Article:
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The Ascension - Sufjan Stevens

A lifeless descent into the electronic abyss makes for an unfortunate and unlikely misfire from Sufjan Stevens.


The eighth studio album from chameleonic indie superstar Sufjan Stevens is actually the songwriter's second full length release this year following Aporia, a New Age instrumental effort courtesy of the multi-instrumentalist and his step-father Lowell Brahms. Aporia was a plodding affair consisting of indistinguishable ambient synth pieces that felt half-baked and lacking in purpose, but could be forgiven all the same as a harmless detour for Sufjan - as a record conceived to mark the retirement of Brahms who co-founded the Asthmatic Kitty label with his step-son, Aporia was seemingly no more than a low key side release and nothing of particular import in the towering discography of its mastermind creator.


So it is an unfortunate realization indeed upon hearing The Ascension that in fact Aporia now appears to have been served as the undercooked appetizer to a similarly dismal main course. Both albums share a lot of the same characteristics, and none for the better - a certain 'going through the motions' directionless quality, curiously flat production, an unforgivably overlong runtime and a general sense of indulgence past the point of common sense. Most shocking of all perhaps is the overall feeling of apathy that you can sense in Stevens throughout The Ascension's monotonous eighty minutes, as the trailblazing icon responsible for such masterworks as Illinois cuts a supremely lethargic figure throughout this fifteen track electronic wasteland.


There are fleeting moments of escape from the lifeless wall of synths that smother the album whole, with an exceptional title track marking the standout moment of the album as Sufjan slowly builds the most genuinely emotive instrumental and vocal performance on the album to a subtle climax, while 'Run Away With Me''s delicate electropop and the sticky refrain of second single 'Video Game' make for decently engaging moments despite still undoubtedly going down as throwaway fodder in the overall context of Sufjan's output to date. 'Make Me An Offer I Can't Refuse' kicks the album into life with a sense of urgency that the remainder of its tracklist can't keep up with.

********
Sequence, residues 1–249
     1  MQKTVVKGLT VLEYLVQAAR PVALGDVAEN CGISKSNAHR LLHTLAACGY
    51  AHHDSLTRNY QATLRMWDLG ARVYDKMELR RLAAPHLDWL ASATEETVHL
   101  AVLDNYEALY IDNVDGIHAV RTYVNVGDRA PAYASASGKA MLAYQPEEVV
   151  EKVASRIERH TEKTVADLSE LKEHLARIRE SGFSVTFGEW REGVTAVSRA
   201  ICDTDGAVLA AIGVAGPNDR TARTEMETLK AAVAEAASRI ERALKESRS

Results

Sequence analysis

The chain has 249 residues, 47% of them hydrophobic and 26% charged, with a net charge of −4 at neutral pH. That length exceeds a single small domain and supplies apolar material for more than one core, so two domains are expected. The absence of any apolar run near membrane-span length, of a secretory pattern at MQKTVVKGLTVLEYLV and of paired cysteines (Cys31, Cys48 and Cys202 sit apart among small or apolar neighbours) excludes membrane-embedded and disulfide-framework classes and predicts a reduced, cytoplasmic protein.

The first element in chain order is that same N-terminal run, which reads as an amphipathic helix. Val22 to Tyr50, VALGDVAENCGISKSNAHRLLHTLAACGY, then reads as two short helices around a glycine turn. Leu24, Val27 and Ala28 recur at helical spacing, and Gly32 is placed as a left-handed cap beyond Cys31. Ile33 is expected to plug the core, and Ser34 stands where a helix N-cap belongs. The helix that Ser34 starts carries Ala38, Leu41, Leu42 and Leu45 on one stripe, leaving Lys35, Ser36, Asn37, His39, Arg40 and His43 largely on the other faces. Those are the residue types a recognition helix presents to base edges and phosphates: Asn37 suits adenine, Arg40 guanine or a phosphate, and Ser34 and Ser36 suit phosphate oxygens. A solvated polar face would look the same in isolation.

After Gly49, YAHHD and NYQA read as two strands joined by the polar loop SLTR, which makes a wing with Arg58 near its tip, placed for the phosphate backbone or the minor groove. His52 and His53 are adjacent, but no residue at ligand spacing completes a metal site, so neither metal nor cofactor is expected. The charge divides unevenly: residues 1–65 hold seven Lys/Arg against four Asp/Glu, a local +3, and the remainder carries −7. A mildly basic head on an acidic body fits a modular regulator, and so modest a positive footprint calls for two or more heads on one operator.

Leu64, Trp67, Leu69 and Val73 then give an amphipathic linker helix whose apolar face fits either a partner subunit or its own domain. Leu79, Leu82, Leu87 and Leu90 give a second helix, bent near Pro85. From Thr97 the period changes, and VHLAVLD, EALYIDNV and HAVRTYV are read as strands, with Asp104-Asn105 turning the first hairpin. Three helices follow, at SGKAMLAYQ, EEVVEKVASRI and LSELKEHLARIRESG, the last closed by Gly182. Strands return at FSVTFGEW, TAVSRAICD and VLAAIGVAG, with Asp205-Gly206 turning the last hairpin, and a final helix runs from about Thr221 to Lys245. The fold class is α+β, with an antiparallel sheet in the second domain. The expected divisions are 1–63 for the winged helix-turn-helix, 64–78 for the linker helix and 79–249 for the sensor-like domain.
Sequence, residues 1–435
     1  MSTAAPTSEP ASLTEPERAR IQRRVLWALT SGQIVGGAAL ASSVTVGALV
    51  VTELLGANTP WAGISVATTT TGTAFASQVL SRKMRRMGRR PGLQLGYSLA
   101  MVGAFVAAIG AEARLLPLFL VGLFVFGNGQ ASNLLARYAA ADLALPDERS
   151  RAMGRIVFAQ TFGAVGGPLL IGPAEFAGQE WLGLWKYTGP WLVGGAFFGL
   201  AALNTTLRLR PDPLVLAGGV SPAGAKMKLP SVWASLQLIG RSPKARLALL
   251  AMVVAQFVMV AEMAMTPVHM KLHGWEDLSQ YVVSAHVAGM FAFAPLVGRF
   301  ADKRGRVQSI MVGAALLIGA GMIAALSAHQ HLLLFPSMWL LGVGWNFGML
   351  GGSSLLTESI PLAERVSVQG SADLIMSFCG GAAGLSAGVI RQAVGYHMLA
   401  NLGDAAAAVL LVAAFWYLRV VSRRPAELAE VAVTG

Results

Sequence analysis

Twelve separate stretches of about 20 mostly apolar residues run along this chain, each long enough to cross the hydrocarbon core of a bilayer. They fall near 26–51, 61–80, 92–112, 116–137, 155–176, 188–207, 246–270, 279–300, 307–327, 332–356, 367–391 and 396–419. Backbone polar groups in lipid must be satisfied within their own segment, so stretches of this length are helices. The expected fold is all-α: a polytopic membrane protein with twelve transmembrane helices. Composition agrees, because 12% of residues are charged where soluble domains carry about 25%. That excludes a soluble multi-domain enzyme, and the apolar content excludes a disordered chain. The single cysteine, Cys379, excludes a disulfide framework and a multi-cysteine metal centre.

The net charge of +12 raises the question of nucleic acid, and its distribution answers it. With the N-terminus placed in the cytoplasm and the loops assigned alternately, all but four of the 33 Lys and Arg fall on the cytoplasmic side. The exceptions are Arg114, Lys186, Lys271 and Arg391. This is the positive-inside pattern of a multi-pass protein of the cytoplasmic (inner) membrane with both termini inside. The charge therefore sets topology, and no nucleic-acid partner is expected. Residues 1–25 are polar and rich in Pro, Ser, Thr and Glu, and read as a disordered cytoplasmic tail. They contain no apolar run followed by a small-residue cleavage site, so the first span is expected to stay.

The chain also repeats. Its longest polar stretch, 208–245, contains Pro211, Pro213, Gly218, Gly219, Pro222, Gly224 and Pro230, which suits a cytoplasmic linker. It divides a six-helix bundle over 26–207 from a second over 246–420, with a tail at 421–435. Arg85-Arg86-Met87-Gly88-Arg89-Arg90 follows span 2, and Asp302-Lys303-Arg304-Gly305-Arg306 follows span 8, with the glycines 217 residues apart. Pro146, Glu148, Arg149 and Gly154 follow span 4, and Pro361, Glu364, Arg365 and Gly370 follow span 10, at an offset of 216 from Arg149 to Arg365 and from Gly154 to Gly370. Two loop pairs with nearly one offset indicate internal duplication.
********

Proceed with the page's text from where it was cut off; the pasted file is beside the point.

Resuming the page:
Lead single and epic closer 'America' is certainly topical in its attempt to hold the nation to task for its current state, but it doesn't say anything we haven't already heard said more effectively in recent times. It also doesn't do nearly enough to earn its foreboding length, a problem symptomatic of the entire album. The worst offenders however are surely 'Die Happy' and baffling single choice 'Sugar', as their unrelenting monotony results in an undesirably hypnotic effect in the sense that the listener is more likely to find themselves drifting off to sleep than to a higher plane as was perhaps intended.


For all its flaws, you can't say The Ascension is uninspired exactly - Sufjan seems to be working from a place of deep thought as he meditates on societal and political problems, but it feels as though these feelings of despair and exhaustion at the modern world have gotten the better of him and translated into a lack of motivation, resulting in a sense of any real feeling or emotion being lost in the shuffle amidst the most underwhelming production of his entire career, while a distant and cold vocal performance throughout only adds to the alienating nature of The Ascension overall.


After finishing my initial listen of The Ascension, I hit shuffle on Sufjan and landed on 'The Only Thing' whereupon I was transported back to the searing intimacy and devastatingly gorgeous emotional power of Carrie and Lowell's majestic love story. It was a stark reminder of the total lack of any feeling in The Ascension's cold instrumentation and frustratingly vague performance. Four years after an all time great, to get this egregious waste of Sufjan Stevens' enormous talent is massively disappointing. What a shame.


3.5 / E



Best Tracks: 'Run Away With Me'/'Video Game'/'The Ascension'

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